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I will set one date variable(Say '08-JUN-2011') and I want to do some calculations based on that date namely,
1. Have to get the first day of the given day's month.
2. Previous date of the given date's month.
3. Last day of the given date's month.

All I know is manipulating using the current system date and time but don't know how to implement with user defined date. I need this to be achieved using Linux shell script.

Any help will be appreciated.


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For #1, you mean day-of-week (i.e. Mon-Fri?), it will always be '01' for the dayNum, right? ;-) Good luck. – shellter Jun 10 '11 at 15:26
up vote 9 down vote accepted

Here's how to perform the manipulations using GNU date:



# first day of the month
FIRST_DAY_OF_MONTH=$(date -d "$USER_DATE" +%b-01-%Y)

PREVIOUS_DAY=$(date -d "$USER_DATE -1 days" +%b-%d-%Y)

# last day of the month
FIRST_DAY_NEXT_MONTH=$(date -d "$USER_DATE +1 month" +%b-01-%Y)
LAST_DAY_OF_MONTH=$(date -d "$FIRST_DAY_NEXT_MONTH -1 day" +%b-%d-%Y)

echo "User date: $USER_DATE"
echo "1. First day of the month: $FIRST_DAY_OF_MONTH"
echo "2. Previous day: $PREVIOUS_DAY"
echo "3. Last day of the month: $LAST_DAY_OF_MONTH"

The output is:

User date: JUN-08-2011
1. First day of the month: Jun-01-2011
2. Previous day: Jun-07-2011
3. Last day of the month: Jun-30-2011
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Oh Thanks a lot this really worked. Everyone's answer is good and Gregg's answer really fits best for me. Thanks! – Karthik Jun 11 '11 at 12:35

This is going to be convoluted in a shell script. You are better off using Date::Manip in perl, or something similar in another full-featured language. However, I can think of some ways to do this with the date command. First of all, you can use a --date parameter to set a starting point for date, like so:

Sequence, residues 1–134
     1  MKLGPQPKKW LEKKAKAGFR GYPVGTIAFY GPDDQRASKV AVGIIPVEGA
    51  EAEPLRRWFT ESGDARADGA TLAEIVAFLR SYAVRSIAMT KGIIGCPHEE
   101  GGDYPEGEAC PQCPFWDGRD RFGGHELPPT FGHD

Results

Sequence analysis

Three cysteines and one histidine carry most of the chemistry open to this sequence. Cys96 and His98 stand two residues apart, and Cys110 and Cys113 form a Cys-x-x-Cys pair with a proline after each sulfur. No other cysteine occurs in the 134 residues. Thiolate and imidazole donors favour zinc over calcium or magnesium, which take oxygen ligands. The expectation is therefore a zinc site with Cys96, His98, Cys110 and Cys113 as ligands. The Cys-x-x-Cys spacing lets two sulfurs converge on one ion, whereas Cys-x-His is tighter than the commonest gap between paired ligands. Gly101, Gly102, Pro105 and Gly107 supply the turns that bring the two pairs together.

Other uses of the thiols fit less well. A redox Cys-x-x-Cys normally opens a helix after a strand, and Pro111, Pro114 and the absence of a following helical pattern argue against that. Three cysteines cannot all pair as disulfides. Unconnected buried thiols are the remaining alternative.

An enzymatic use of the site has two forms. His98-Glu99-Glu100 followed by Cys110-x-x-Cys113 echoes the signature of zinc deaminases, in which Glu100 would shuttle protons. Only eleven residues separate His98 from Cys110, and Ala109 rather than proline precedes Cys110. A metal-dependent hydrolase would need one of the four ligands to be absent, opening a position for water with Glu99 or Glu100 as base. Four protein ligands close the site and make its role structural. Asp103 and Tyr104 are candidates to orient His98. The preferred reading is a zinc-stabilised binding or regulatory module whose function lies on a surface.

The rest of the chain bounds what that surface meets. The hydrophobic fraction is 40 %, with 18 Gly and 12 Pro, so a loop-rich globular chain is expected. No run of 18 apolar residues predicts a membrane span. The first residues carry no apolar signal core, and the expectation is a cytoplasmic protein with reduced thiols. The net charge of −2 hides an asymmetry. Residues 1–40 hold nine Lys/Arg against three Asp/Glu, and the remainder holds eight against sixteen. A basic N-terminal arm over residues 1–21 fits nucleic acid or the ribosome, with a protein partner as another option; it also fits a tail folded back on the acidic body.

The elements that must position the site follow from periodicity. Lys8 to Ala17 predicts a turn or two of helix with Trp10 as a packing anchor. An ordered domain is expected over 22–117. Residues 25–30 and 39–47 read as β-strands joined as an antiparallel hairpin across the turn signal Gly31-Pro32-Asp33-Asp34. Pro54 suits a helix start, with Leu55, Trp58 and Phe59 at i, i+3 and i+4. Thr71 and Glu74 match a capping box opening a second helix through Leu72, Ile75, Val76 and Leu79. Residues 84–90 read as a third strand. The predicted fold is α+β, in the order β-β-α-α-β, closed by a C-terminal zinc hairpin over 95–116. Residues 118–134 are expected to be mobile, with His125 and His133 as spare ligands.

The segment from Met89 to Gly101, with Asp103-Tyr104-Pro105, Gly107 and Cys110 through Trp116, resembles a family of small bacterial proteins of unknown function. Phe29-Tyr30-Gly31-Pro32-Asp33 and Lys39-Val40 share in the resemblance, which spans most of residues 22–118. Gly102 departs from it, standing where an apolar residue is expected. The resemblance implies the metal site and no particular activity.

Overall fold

$ date --date='08-JUN-2011'
Wed Jun  8 00:00:00 EDT 2011

You can get the previous date like this:

$ date --date='08-JUN-2011 -1 days'
Tue Jun  7 00:00:00 EDT 2011

For the last day of the month, I would just walking back from 31 until date does not fail. You can check $? for that

$ date --date='31-JUN-2011';echo $?
date: invalid date `31-JUN-2011'
$ date --date='30-JUN-2011';echo $?
Thu Jun 30 00:00:00 EDT 2011

For the first day of the month...that is usually 01 :)

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As you're using Linux, hhopefully you have the GNU date utility available. It can handle almost any description of a relative date that you think of.

Here are some examples

date --date="last month" +%Y-%m-%d
date --date="yesterday" +%Y-%m-%d
date --date="last month" +%b
x=$(date --date "10 days ago" +%Y/%m/%d)

To learn more about it see GNU Date examples

Once you use it some, you can shortcut your information gathering with date --help, which shows all the basic options (but is sometimes is hard to interpret.)

I hope this helps.

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Thanks for the reference link and support! – Karthik Jun 11 '11 at 12:36
$ date +%m/01/%Y

I came here looking for a way to get the first day of the current month.

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Using dateutils' dround tool:

Current month:

$ dround today -1

Previous month

$ dround today -31

Last day of current month:

$ dround today +31

Of course you can use a custom date instead of today, the idea is to round down or up to the desired day-of-the month, e.g. the next first-of-the-month given 2010-10-04:

$ dround 2010-10-04 +1d
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